Welcome to this very first blog post on the new Cygnet Communications Ltd website! My aim is for the Cygnet blog to be updated at least weekly. Each blog post will focus on a topic connected specifically with English usage in Hong Kong.I’m going to start by looking at some signs from around Hong Kong that prohibit certain things or actions in the form “NO + noun” – like the ones shown below. These Hong Kong signs are not the same as similar signs in standard English.
The two signs shown above are slightly different grammatically. The first one has no verb (we could add a verb like ‘push’ in front to complete the sentence), while the second one starts with a verb (‘post’) in ‘command’ or ‘imperative’ form. Our focus however is on the expression ‘NO + noun’ in both of these signs. Compare them with the signs below, from outside Hong Kong.
You will see the key difference immediately: in the Hong Kong signs, the noun after ‘no’ is singular, but in the overseas signs, it is plural. Why is this? And which version is correct?
In English, when the word NO is used as a ‘determiner’ (as here), it can be followed by either a singular or a plural noun. Some nouns in English can only occur in singular form; these are what we call uncountable, or non-count nouns. Common examples found after the word NO are:
However, plenty of English nouns are countable (or count) nouns, which means they have both singular and plural forms – like ‘trolley’, and ‘bill’. If we want to draft a prohibition involving these kinds of nouns, how do we do it?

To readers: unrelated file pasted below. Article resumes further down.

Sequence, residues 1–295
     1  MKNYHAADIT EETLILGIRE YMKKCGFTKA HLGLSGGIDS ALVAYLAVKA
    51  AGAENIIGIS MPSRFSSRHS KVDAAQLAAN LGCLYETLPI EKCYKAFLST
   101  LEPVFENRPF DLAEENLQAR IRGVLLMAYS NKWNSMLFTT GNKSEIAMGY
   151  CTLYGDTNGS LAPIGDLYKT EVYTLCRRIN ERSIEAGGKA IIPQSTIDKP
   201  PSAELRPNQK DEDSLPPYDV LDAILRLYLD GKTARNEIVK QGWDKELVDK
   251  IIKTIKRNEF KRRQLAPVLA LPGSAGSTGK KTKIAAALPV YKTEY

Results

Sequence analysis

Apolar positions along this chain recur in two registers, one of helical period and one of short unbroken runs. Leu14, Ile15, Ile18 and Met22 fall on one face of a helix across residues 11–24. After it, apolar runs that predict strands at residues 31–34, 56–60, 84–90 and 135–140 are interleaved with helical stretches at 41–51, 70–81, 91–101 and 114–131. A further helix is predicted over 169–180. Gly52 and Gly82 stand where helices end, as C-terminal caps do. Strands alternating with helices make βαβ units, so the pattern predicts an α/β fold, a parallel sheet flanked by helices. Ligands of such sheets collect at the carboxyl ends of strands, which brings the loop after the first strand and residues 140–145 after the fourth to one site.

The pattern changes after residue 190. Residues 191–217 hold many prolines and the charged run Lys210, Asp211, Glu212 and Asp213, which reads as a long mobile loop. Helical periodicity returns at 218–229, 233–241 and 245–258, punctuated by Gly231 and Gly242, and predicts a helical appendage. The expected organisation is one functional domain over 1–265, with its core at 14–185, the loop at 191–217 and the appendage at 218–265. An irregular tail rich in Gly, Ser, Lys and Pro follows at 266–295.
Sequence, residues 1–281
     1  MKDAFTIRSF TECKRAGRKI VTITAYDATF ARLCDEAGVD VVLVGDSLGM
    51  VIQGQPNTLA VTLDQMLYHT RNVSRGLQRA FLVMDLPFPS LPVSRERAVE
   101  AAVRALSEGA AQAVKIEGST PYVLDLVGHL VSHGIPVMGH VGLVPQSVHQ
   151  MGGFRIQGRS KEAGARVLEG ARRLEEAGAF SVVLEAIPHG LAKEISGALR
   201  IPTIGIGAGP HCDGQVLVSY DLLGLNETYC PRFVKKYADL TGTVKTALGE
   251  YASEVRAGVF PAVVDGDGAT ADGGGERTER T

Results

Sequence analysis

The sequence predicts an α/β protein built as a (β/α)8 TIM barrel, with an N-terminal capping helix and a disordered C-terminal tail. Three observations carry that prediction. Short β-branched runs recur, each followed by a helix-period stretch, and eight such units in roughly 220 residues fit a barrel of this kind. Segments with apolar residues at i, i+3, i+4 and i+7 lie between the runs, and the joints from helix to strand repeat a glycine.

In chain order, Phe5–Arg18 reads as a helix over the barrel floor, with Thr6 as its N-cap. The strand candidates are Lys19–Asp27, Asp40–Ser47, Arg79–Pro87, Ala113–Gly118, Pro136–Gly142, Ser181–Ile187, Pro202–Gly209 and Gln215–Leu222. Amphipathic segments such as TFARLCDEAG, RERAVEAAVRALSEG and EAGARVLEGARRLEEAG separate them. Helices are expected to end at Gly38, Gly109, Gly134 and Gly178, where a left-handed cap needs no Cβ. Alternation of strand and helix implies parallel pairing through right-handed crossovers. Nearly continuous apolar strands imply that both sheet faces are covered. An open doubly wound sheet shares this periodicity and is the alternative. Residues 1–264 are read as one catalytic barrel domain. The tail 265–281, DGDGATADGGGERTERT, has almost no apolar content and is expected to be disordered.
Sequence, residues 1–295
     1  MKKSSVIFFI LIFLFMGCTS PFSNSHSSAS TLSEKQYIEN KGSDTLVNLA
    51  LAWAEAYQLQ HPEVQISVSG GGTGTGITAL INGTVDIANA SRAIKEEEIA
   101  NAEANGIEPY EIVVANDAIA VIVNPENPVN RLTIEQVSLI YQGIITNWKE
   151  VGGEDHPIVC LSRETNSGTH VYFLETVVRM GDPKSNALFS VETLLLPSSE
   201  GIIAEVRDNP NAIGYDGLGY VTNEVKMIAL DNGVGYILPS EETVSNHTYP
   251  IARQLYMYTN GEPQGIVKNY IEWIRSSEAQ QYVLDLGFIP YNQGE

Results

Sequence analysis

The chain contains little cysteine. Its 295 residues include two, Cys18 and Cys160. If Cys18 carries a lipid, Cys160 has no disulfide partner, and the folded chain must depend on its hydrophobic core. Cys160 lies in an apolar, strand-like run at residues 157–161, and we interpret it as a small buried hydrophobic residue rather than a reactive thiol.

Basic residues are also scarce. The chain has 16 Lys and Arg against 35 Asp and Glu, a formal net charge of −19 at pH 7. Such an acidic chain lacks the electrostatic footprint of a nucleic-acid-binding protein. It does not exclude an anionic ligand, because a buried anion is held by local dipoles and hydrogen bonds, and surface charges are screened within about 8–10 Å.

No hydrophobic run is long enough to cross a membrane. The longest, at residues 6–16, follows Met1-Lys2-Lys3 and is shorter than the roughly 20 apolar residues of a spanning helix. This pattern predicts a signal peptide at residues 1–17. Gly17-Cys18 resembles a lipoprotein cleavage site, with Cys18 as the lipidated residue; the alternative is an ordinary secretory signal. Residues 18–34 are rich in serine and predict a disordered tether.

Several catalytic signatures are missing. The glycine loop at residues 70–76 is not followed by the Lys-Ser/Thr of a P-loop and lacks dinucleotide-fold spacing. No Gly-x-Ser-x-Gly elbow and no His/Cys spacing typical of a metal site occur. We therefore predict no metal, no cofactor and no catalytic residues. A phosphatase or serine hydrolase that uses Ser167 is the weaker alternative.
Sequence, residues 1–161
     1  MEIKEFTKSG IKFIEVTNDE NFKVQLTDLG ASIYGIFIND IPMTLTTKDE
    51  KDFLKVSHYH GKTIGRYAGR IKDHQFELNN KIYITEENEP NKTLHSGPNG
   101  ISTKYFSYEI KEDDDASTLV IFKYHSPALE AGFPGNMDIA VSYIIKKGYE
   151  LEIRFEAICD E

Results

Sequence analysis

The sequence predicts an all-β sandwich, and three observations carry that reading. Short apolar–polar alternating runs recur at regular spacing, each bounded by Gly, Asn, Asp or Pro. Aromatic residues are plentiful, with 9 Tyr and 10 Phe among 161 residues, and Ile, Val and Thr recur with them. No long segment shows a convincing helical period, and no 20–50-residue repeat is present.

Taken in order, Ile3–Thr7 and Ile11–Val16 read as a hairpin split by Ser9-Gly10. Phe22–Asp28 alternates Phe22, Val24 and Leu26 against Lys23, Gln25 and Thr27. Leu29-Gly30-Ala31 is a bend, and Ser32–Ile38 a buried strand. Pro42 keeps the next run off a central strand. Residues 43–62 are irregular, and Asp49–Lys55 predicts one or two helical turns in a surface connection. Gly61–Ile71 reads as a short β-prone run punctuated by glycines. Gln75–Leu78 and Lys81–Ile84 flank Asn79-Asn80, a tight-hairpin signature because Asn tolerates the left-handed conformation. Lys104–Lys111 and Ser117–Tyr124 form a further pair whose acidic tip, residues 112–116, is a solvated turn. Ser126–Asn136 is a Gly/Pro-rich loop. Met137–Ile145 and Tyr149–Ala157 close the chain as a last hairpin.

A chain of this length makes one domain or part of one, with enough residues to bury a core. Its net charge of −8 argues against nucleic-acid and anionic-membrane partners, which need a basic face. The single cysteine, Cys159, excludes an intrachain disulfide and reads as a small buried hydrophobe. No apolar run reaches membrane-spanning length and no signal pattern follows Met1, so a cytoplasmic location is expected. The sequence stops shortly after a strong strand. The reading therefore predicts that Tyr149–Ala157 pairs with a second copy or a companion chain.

The key point to remember is that the intention of these sorts of signs is to prohibit ALL cases or examples of something. At the airport, the idea is not just to stop one trolley from crossing the yellow line, but to prohibit (potentially) all trolleys from doing so. On a building, our aim is to include every single possible bill in our prohibition against posting, not just one single example. In other words, these signs need to have ‘generic reference’: the words on them need to show clearly that the sign applies to ALL examples of something, not just one example.
Standard English uses count nouns in the plural to make generic reference.
When we write prohibitions in the form ‘NO + noun’, we usually intend to prohibit all examples of the thing referred to by the noun – so the noun must be in the plural.
As we have seen, Hong Kong users of English prefer using singular nouns after ‘NO’. Part of this preference presumably springs from the fact that Cantonese has no plural form, and for Chinese readers the context is quite sufficient to work out the meaning. However, if you want to write like a native speaker rather than a Hong Kong user of English, make an effort to ensure that, when writing prohibitions like this, you follow NO with a plural count noun.
About this blog
This blog arises from keeping an eye on English in Hong Kong. I often use signs, notices and advertisements that I see as starting points to write about English issues that commonly challenge Hong Kong writers.